JPEG Pleno kicks off its activities towards standardization of light field coding
JPEG PLENO – Tremendous progress has been achieved in the way consumers and professionals capture, store, deliver, display and process visual content. Emerging cameras and displays allow for the capture and visualization of new and rich forms of visual data. JPEG Pleno intends to provide a standard framework to facilitate capture, representation and exchange of these omnidirectional, depth-enhanced, point cloud, light field, and holographic imaging modalities. It aims to define new tools for improved compression while providing advanced functionalities at the system level. Moreover, it targets to support data and metadata manipulation, editing, random access and interaction, protection of privacy and ownership rights as well as other security mechanisms.
At the 74th JPEG meeting in Geneva, Switzerland the final Call for Proposals (CfP) on JPEG Pleno was issued particularly focusing on light field coding. The call encompasses coding technologies for lenslet light field cameras; and content produced by high-density arrays of cameras. In addition, system-level solutions associated with light field coding and processing technologies that have a normative impact are called for. In a later stage also calls for other modalities such as point cloud, holographic and omnidirectional data will be issued.
JPEG XS – This project aims at the standardization of a visually lossless low-latency lightweight compression scheme that can be used for a wide range of applications including mezzanine codec for the broadcast industry and Pro-AV markets. Targeted use cases are professional video links, IP transport, Ethernet transport, real-time video storage, video memory buffers, and omnidirectional video capture and rendering. After a Call for Proposal and the assessment of the submitted technologies, a test model for the upcoming JPEG XS standard was created and the results of a first set of core experiments have been reviewed during the 74th JPEG meeting in Geneva. More core experiments are on their way before finalizing the standard: JPEG committee therefore invites interested parties – in particular coding experts, codec providers, system integrators and potential users of the foreseen solutions – to contribute to the further specification process.
JPEG Privacy & Security – This project aims at developing a standard for realizing secure image information sharing which is capable of ensuring privacy, maintaining data integrity, and protecting intellectual property rights (IPR). JPEG Privacy & Security will explore ways on how to design and implement the necessary features without significantly impacting coding performance while ensuring scalability, interoperability, and forward and backward compatibility with current JPEG standard frameworks.
A draft Call for Proposals for JPEG Privacy & Security has been issued and the JPEG committee invites interested parties to contribute to this standardisation activity in JPEG Systems. The call addresses protection mechanisms and technologies such as handling hierarchical levels of access and multiple protection levels for metadata and image protection, checking integrity of image data and embedded metadata, and supporting backward and forward compatibility with JPEG coding technologies. Interested parties are encouraged to subscribe to the JPEG Privacy & Security email reflector for collecting more information. A final version of the JPEG Privacy & Security Call for Proposals is expected at the 75th JPEG meeting located in Sydney, Australia.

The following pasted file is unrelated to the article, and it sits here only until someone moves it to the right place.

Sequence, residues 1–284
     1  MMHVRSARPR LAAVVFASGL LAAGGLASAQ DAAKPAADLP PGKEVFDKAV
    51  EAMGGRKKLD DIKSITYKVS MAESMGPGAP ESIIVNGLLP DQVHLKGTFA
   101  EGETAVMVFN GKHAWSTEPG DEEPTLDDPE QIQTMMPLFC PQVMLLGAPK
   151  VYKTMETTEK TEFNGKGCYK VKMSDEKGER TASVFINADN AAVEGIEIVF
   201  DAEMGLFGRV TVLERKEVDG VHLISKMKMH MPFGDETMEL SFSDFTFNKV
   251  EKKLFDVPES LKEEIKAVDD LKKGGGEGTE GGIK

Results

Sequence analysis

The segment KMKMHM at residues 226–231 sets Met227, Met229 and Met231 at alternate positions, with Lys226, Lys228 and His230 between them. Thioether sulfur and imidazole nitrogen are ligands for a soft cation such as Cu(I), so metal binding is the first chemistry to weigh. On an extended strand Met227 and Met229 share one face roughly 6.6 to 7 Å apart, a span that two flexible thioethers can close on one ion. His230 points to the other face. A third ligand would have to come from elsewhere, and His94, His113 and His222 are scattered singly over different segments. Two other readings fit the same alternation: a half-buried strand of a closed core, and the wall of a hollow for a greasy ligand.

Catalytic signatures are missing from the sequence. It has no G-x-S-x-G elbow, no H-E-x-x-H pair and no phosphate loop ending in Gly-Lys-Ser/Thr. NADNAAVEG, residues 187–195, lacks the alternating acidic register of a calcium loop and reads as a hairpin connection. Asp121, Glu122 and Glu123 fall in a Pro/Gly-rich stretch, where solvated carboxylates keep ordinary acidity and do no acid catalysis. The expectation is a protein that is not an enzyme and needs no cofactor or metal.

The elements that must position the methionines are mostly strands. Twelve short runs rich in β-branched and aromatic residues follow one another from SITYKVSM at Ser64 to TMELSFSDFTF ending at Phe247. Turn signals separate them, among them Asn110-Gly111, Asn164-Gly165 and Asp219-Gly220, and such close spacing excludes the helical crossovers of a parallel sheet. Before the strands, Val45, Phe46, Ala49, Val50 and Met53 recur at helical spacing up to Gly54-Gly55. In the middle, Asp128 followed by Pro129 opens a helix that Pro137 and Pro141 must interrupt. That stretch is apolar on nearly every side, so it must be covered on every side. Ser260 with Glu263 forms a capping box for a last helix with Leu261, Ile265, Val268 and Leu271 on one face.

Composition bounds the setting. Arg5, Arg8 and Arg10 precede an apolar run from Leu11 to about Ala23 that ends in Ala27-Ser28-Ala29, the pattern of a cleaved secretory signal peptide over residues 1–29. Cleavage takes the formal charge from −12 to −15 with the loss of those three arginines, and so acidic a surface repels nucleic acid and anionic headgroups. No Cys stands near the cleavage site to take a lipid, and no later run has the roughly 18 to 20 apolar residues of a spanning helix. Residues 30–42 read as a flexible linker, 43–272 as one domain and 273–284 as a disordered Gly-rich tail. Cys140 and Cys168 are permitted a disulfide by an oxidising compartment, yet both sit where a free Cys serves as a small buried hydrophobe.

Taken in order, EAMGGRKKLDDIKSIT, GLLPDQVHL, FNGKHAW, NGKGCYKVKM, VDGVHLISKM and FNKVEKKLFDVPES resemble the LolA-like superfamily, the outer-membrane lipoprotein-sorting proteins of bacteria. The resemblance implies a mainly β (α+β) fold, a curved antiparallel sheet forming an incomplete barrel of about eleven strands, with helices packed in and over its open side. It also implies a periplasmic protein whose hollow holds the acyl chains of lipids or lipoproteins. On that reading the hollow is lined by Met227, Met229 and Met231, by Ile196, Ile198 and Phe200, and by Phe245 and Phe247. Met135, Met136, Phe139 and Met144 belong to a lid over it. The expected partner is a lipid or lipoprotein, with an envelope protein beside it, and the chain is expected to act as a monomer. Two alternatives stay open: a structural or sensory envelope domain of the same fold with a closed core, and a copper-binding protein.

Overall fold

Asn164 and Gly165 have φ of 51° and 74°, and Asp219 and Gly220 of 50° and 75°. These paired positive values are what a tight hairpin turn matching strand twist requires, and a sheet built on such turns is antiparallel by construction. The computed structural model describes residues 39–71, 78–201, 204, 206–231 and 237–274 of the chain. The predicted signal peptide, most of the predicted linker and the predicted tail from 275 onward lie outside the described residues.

JPEG AIC – This project provides guidance and standard procedures for advanced image coding evaluation. At this meeting JPEG completed a technical report: TR 29170-1 Guidelines for image coding system evaluation. This report is a compendium of JPEGs best practices in evaluation that draws sources from several different international standards and international recommendations. The report discusses use of objective tools, subjective procedures and computational analysis techniques and when to use the different tools. Some of the techniques are tried and true tools familiar to image compression experts and vision scientists. Several tools represent new fields where few tools have been available, such as the evaluation of coding systems for high dynamic range content.
JPEG 2000 – The JPEG committee started a new activity for high throughput JPEG 2000 and an AHG was created to investigate the evidence for such kind of standard. Experts are invited to participate in this expert group and to join the mailing list.
"JPEG continues to offer standards that redefine imaging products and services contributing to a better society without borders." said Prof. Touradj Ebrahimi, the Convener of the JPEG committee.
The Joint Photographic Experts Group (JPEG) is a Working Group of ISO/IEC, the International Organisation for Standardization / International Electrotechnical Commission, (ISO/IEC JTC 1/SC 29/WG 1) and of the International Telecommunication Union (ITU-T SG16), responsible for the popular JBIG, JPEG, JPEG 2000, JPEG XR, JPSearch and more recently, the JPEG XT, JPEG XS and JPEG Systems and JPEG PLENO families of imaging standards.
The JPEG group meets nominally three times a year, in Europe, North America and Asia. The latest 74th meeting was held on January 15-20, 2017, in Geneva, Switzerland. The next (75th) JPEG Meeting will be held on March 26-31, 2017, in Sydney, Australia.
More information about JPEG and its work is available at www.jpeg.org or by contacting Antonio Pinheiro and Tim Bruylants of the JPEG PR Subgroup at .
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